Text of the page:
Sheffield swings a thunderous bat

Gary Sheffield is the latest name in a line of superstars who had struggled initially in a Yankees uniform before returning to form.

Jason Giambi hovered around the Mendoza line in 2002, his first year with the Yankees until mid-May when he picked his hitting up and finished with MVP numbers. Alex Rodriguez, the reigning American League MVP, had hit just .203 in his first 15 games this year. He’s gotten back on track and at the All-Star break the third baseman posted 58 RBI and 22 home runs.

Even with this trend, it was surprising when Sheffield was hitting just .265 with three home runs midway through May. After all, this was a player who finished third in MVP voting in the National League last year, after hitting .330 with 39 home runs and 132 batted in. This was a player who hit 177 home runs in the last five years. This was a player who had played in Los Angeles for more than three years, a comparable market to New York.

“Coming to a place like New York, everyone is trying to impress. I was trying – it’s natural,” Rodriguez said. “You’ve got to remember Sheff’s making a big adjustment coming to this league. I don’t care who you are, there is an adjustment, and you put New York on top of that.”

Playing in the pressure of New York could’ve been one reason for Sheffield’s slow start, but there were other reasons as well.

Sheffield has been playing with bursitis in his left shoulder, an injury so painful, family members have begged him to have surgery. But Sheffield, fearing that surgery would shelve him for the remainder of the season, has opted to play through the pain.

Away from the field, Sheffield has been linked to Balco, the Bay Area Laboratory Co-Operative, which has been under investigation because it is alleged that it has supplied several athletes with steroids. Sheffield, along with several other athletes, testified before a federal grand jury.

Then there was the bitter breakup between Sheffield and his former agent, Scott Boras. Sheffield fired Boras at the start of the 2003 season. Boras filed a lawsuit against Sheffield, who in turn filed a countersuit. But the biggest reason for his early struggles, according to Sheffield, was a shift in philosophy.

“I am the type of player who wants to please people with my play on the field,” Sheffield said. “If you say you want home runs, I’m going to try to give it to you. Basically, I just got away from my game plan.”

It was manager Joe Torre that got Sheffield back on it.

“Mr. Torre said, ‘they won World Series here (without) a player hitting 40 home runs,’” Sheffield said. “I know they like them here, and I was trying to please people, trying to do too much.”

Torre’s message was to simplify. If Sheffield concentrated on driving in runners in scoring position, the power would come back eventually.

“That’s what I have been focusing on,” Sheffield said. It’s worked.

Before the All-Star break, Sheffield had reached safely in his last nine games and raised his average to .302 with 59 RBI and 16 home runs.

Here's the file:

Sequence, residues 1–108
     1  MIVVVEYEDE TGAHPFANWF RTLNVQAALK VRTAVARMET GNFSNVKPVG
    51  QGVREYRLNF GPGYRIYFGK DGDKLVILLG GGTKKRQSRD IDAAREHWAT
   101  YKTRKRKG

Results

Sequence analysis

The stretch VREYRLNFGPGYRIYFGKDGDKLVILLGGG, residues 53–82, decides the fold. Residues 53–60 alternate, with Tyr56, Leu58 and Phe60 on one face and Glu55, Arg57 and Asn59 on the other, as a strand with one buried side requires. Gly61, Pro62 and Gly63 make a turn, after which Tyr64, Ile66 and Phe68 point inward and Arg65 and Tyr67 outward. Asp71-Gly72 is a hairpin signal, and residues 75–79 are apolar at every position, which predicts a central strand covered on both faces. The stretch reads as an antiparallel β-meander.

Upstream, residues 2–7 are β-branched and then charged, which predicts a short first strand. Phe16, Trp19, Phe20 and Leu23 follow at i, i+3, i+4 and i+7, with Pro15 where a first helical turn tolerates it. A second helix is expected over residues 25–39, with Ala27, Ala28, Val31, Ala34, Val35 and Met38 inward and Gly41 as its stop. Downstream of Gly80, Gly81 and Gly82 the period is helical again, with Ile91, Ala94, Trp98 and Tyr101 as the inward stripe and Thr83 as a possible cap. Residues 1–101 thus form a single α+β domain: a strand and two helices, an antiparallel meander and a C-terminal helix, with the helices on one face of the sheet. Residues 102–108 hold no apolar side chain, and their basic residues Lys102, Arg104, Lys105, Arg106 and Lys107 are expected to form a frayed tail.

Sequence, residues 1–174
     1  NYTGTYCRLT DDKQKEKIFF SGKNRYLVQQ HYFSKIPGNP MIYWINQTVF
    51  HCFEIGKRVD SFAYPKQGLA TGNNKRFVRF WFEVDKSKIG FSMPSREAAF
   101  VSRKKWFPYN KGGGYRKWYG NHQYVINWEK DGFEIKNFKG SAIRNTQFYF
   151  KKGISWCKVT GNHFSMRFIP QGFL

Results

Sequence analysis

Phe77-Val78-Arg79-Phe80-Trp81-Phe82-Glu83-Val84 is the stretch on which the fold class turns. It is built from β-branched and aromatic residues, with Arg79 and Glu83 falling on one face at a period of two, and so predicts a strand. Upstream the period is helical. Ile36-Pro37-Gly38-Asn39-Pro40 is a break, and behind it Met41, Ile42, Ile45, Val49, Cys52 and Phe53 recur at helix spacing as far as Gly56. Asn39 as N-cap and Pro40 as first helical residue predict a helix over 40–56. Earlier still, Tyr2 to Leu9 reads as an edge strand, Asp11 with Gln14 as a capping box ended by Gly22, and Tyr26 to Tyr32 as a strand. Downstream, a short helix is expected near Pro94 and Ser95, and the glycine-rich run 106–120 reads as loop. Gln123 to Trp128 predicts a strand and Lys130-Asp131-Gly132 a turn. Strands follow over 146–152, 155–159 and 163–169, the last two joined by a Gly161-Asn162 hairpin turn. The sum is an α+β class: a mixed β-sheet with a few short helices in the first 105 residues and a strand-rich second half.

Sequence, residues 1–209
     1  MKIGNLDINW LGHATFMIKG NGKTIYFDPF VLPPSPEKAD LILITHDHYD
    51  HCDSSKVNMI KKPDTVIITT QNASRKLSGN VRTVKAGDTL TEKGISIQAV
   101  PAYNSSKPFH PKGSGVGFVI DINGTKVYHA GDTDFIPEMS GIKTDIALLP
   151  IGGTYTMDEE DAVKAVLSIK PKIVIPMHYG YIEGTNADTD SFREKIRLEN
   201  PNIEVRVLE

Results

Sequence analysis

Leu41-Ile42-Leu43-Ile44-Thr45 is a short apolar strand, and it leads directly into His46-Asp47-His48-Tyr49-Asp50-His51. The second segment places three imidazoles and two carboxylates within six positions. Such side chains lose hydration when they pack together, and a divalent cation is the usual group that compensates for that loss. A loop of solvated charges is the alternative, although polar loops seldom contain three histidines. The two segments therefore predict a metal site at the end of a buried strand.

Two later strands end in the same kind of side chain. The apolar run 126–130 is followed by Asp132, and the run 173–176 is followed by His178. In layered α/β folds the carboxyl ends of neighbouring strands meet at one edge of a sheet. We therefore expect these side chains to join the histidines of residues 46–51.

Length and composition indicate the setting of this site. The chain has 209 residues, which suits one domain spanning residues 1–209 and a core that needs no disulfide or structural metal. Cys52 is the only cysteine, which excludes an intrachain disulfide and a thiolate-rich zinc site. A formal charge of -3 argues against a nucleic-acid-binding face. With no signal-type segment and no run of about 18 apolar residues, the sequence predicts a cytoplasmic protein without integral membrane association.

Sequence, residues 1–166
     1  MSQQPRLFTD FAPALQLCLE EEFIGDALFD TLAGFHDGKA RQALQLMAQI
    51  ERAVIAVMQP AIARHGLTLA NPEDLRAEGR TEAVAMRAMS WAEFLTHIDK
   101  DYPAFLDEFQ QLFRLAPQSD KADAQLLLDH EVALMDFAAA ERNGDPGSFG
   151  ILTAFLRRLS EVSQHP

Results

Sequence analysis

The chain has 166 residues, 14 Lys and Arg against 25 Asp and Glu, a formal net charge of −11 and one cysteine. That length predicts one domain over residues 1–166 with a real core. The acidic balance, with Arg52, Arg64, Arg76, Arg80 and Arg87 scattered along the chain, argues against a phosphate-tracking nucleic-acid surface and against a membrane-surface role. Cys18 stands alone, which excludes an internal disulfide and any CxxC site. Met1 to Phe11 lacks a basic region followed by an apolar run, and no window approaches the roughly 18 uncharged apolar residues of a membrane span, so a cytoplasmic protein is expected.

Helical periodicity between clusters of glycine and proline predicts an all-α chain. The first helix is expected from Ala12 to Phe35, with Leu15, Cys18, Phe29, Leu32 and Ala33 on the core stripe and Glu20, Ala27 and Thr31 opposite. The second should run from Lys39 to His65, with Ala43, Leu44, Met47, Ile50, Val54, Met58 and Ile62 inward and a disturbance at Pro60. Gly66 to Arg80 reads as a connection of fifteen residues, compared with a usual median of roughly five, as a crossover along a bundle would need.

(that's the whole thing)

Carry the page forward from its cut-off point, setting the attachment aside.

The last of those 16 home runs was an indicator that Sheffield had not only left his struggles behind, but that he had completely regained his power.

With the Yankees leading 9-3 in the eighth inning on July 11, Devil Rays reliever Danny Baez hurled a fastball high and inside. The next thing Sheffield knew, he found himself sitting in the batter’s box at Yankee Stadium, checking to see if his head was still attached to his body.

“’Why did he do that? Was he trying to hit me?’” Sheffield thought to himself. “There’s nothing between us. We don’t have no history.”

Sheffield rose to his feet and responded the only way he knew how to – by crushing a pitch to deep right field, giving the Yankees their final run in a 10-3 laugher.

“You can’t back away,” Sheffield said. “When they come inside like that, I move closer.”

Sheffield has seen more than his fair share of tight pitches as his hitting has improved. He was brushed off the plate twice on July 1, when Boston ace Pedro Martinez plunked him with a fastball in the first inning and Curtis Leskanic in the 12th inning. None of it has fazed Sheffield.

“He can’t be intimidated,” manager Joe Torre said. “The man knows no fear.”

That’s not entirely true.

“I’m scared of dogs,” Sheffield said. “Any dogs. It took me a year to get used to my wife’s dog.”

Fortunately for the Yankees, Sheffield has taken much less time to get used to playing in a Yankees uniform.

“He was confident he was going to turn things around,” Rodriguez said. “Sure enough, he’s become a one-man wrecking crew.”

“Jim Leyland, who managed Gary in Florida, asked me yesterday, ‘How do you like Sheffield?'” Torre said. “Coxie [Bobby Cox] this spring, asked the same thing, unsolicited. They loved him because he’s easy to manage.”

They probably also loved him because he’s a stellar baseball player. “I just feel like the sky’s the limit for me,” Sheffield said.

With the way he’s playing, Sheffield could shoot even higher than that.

This story appeared in the September 2004 issue of the New York Sportscene.

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